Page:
Billboards

There’s some strange text on billboards around New York. I passed these four this weekend:

THE ALGORITHM CONSTANTLY FINDS JESUS
THE ALGORITHM KILLED JEEVES
THE ALGORITHM IS BANNED IN CHINA

THE ALGORITHM IS FROM JERSEY

It’s clearly a viral marketing campaign and seems to be by Ask.com. I like puzzles like this, but at the moment it doesn’t seem to go anywhere — if you Google it, you just get blogs talking about the odd billboards. That’s not really very much fun.

It occurs to me that the sort of people who would be curious enough to go to Google and type them in are probably the sort of people who would like xkcd, so maybe we should create a twist in the puzzle. For those of you who have blogs or other sites, feel free to create links to xkcd.com with those billboard lines as the link text. I put the phrases at the bottom of xkcd.com so it won’t be filtered out as a Googlebomb.

340 thoughts on “Billboards

  1. I figured out the connection to new jersey two of the men that invented the algorithm were from new jersey oh and there was a guy who pretty much played 6 degrees of separation with google so you put in a search and within I think ten references you can get to jesus he also did it with wikipedia but either way this is just a really clever ad for google and ask.com

  2. @Steve: I can’t think of anything that makes me want to listen to your podcast LESS than seeing a link to it shit out in commentspam. Maybe at least *try* to relate it to the article first…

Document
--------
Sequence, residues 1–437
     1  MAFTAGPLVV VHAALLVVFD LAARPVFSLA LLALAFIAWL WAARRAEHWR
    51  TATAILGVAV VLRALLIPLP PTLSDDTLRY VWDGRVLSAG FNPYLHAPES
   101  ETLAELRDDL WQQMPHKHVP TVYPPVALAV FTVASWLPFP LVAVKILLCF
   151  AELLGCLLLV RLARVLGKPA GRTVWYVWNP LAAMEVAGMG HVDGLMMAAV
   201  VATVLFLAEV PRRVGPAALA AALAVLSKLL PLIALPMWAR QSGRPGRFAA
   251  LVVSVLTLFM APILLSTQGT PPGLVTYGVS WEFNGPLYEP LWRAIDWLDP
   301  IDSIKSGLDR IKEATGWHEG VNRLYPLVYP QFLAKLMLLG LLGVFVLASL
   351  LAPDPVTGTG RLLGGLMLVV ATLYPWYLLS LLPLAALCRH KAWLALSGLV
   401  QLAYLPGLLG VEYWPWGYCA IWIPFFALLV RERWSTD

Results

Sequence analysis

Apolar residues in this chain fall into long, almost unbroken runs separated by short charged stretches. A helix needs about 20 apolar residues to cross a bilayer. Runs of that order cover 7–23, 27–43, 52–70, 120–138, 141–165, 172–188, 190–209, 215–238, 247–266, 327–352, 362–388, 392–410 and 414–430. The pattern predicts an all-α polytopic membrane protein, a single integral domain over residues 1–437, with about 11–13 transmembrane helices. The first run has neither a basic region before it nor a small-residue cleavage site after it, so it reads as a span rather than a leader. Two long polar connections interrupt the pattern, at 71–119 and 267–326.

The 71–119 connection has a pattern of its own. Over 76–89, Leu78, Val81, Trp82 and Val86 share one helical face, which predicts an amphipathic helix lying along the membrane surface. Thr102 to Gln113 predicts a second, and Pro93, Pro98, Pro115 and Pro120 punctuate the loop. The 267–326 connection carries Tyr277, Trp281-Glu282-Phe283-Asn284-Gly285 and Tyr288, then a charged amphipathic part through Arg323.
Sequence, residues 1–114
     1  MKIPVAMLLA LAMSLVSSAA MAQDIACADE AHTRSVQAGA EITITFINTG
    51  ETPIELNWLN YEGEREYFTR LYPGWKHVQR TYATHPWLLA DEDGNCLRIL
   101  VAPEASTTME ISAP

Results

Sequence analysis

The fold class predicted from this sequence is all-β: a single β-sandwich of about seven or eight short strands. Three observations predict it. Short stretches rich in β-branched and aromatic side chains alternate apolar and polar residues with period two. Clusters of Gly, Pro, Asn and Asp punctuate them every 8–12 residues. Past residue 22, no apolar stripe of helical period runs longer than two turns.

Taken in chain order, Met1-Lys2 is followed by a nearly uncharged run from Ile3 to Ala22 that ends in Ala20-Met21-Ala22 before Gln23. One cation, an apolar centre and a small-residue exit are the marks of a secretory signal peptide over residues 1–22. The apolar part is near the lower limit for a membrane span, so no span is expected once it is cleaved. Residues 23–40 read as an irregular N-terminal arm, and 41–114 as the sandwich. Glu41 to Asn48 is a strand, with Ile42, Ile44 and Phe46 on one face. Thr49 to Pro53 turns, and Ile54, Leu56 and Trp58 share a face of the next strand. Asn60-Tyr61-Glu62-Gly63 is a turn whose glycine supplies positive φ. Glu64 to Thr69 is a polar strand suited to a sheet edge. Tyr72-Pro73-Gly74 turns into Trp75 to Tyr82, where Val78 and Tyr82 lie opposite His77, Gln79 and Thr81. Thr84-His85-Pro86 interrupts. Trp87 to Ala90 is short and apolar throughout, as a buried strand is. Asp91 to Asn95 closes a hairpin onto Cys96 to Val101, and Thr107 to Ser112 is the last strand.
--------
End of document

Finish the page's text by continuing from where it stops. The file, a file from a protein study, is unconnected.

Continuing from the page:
3. You’re probably right Matt – I just felt it would be quite ironic to have a page that gains hits purely by people wondering wtf

    THE ALGORITHM CONSTANTLY FINDS JESUS
    THE ALGORITHM KILLED JEEVES
    THE ALGORITHM IS BANNED IN CHINA
    THE ALGORITHM IS FROM JERSEY

    means link to another thing. I should of created some mystery around it perhaps. Thrown a few lines out then linked them on my site, I dunno. But from the looks of it a couple of people visited from here so thats something I guess?

  4. Just for fun I took all the first letters of each word in this statement.
    WTJTJTCTJTJTT I noticed that there is a twice repeating pattern “TJTJT”
    So I did a search on that and ended up at this site:
    http://www.keyr.com/analysis/tjtjtj.html
    where they are doing a survey to find out why people do searches on the string “tjtjtj”.
    So I filled out the survey.
    Just FYI.

  5. THE ALGORITHM
    Is a algorithm developed by ASK.com as the ultimate decision engine.
    (sound familiar? The me-to! company ripped it off and launched BING)

    the billboards are pretty self explanatory however here are the keys:
    THE ALGORITHM CONSTANTLY FINDS JESUS
    One of the top topics found on the internet
    THE UNIBOMBER HATES THE ALGORITHM
    He hated all things high tech
    THE ALGORITHM KILLED JEEVES
    askjeevs.com is now ASK.com (Jeeves retired)
    THE ALGORITHM IS BANNED IN CHINA
    What isn’t…
    THE ALGORITHM IS FROM JERSEY
    The lead developers are in Jersey

  6. Admiring the time and effort you put into your website and in depth information you offer. It’s awesome to come across a blog every once in a while that isn’t the same out of date rehashed material. Great read! I’ve saved your site and I’m adding your RSS feeds to my Google account.